To commercialize any of the transgenic turfgrass varieties listed in Table 1, their environmental risks must be assessed under their natural habitats [7, 8, 9, 25]. This chapter briefly reviews our own studies and discusses attempts to block or minimize the risks of gene flow from the transgenic turfgrass habitats to the plants at neighboring and remote sites. For example, in reference  and  the workers introduced a male-sterility gene into GM crops to block the escape of a transgene from the latter, and this strategy may be applied to turfgrasses. We developed a sterile herbicide-resistant zoysiagrass through γ-radiation mutation, making the latter unbolting and deficient in fertile pollens [28, 29]. The γ-radiation generated herbicide-resistant zoysiagrass can be cultivated in agronomic habitats for eventual commercialization .
A preliminary study showed that the transgene (
According to the “Weed risk assessments for Hawaii and Pacific Islands” database (http://www.botany.hawaii.edu/faculty/daehler/wra/default.htm), transgenic
Although the risk of transgene escape and flow from the genetically modified zoysiagrass is low, pollen-induced gene flow cannot be completely discounted. In reference  we examined the pollen releases from the defined boundary of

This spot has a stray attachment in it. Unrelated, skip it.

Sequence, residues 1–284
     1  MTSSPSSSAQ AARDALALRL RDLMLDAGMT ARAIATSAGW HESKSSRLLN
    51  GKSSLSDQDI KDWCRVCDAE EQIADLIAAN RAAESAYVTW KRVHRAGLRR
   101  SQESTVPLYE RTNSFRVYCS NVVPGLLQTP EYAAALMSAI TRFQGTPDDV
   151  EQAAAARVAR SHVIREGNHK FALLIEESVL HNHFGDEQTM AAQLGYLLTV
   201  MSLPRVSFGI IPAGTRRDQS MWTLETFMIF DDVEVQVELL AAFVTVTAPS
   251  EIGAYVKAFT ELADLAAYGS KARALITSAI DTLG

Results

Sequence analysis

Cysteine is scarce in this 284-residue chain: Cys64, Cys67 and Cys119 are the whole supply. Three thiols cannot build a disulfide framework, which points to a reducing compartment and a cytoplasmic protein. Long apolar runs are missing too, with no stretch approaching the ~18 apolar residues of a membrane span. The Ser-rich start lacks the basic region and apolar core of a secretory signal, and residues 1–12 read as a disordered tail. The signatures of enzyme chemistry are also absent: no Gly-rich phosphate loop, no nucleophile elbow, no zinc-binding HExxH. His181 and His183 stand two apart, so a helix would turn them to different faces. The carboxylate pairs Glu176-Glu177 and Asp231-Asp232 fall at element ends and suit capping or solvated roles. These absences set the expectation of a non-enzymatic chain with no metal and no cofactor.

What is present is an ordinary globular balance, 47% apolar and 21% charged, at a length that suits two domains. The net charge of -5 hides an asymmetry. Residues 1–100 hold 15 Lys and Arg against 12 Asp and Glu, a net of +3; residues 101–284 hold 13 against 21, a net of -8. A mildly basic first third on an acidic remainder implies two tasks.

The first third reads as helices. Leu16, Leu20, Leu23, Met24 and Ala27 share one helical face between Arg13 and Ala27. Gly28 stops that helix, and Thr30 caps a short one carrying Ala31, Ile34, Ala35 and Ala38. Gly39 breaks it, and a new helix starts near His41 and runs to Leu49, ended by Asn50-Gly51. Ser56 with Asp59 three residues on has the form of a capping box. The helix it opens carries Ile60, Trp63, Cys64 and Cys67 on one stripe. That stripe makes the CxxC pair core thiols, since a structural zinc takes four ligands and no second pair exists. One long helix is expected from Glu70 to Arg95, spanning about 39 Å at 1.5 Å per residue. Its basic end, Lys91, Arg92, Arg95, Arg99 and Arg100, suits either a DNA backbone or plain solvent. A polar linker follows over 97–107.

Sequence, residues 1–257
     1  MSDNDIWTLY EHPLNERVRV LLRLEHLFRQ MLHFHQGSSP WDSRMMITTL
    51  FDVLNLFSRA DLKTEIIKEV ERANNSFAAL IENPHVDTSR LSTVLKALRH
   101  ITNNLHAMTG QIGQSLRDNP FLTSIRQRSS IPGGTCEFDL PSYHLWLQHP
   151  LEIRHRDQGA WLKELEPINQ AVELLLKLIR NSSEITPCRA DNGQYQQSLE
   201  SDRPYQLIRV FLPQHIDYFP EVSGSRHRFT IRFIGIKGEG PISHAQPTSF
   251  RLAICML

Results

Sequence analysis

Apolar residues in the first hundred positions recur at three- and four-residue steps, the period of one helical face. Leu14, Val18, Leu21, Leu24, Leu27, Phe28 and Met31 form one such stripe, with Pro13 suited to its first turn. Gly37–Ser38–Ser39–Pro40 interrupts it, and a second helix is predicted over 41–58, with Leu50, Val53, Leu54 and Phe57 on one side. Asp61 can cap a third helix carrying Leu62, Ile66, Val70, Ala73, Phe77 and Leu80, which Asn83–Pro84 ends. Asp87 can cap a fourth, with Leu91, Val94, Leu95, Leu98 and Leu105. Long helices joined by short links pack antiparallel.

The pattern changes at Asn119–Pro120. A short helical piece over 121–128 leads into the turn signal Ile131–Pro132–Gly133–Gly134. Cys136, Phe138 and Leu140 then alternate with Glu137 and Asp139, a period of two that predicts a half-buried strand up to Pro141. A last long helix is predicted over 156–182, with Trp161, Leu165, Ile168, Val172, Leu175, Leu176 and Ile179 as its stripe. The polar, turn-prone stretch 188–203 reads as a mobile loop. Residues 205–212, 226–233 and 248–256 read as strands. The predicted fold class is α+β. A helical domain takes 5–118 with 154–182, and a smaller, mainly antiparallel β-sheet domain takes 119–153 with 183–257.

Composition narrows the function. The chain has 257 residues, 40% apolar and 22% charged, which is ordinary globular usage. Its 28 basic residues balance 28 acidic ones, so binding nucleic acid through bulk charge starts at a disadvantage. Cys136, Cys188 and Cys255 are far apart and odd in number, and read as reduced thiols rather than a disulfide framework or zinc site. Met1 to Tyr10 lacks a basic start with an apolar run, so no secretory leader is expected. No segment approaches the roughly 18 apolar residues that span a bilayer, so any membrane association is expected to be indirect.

Figure 9 shows the sites in Jeju Island monitored for the potential gene flow from the herbicide-resistant
6. Commercial potentials and outlook
Turfgrass is a highly value-added crop in terms of commercial profits per land acreage, when compared to other crops. Turfgrasses sward vigorously through vegetative propagation and swarth growth. According to TPI data (Turfgrass Producers International), the turfgrass market size increased by 35% during the five year (2002-2007) period . Based on the data available, transgenic zoysiagrasses pose considerably less risk of transgene escape than does bentgrass. Furthermore, the former can be effectively propagated vegetatively, and sterile herbicide-resistant zoysiagrass (and bentgrass) can be developed through γ-radiation treatment . This will circumvent to a large extent the public’s objections to genetically modified plants and their unintended escapes.
We compiled a table of transgenic herbicide-resistant turfgrass varieties in various stages of development and eventual agronomic cultivations. As can be seen in Table 1 of this chapter, several transgenes have been introduced into zoysiagrass, bentgrass and other lawn grass species primarily through Agrobacterium-mediated transformation and biolistic transfection. These grasses all exhibit resistance to their intended herbicides such as Basta, Roundup and others, but how well each of the transgenics developed performs in test plots and natural habitats cannot be assessed at this point largely because quantitative data such as the dose-response curves and the outdoor performances are lacking in most cases. In this chapter, we focused our discussion to the
AcknowledgmentsThis research was supported by Next-Generation Biogreen 21 Program, Rural Development Administration, Republic of Korea (Grant No. PJ00949901), Basic Science Research Program (NRF Grant No. 2012R1A1A2000706 to PSS, 2012-0004335) and the Priority Research Centers Program (2012048080) through the National Research Foundation of Korea (NRF) funded by the Ministry of Education, Science and Technology.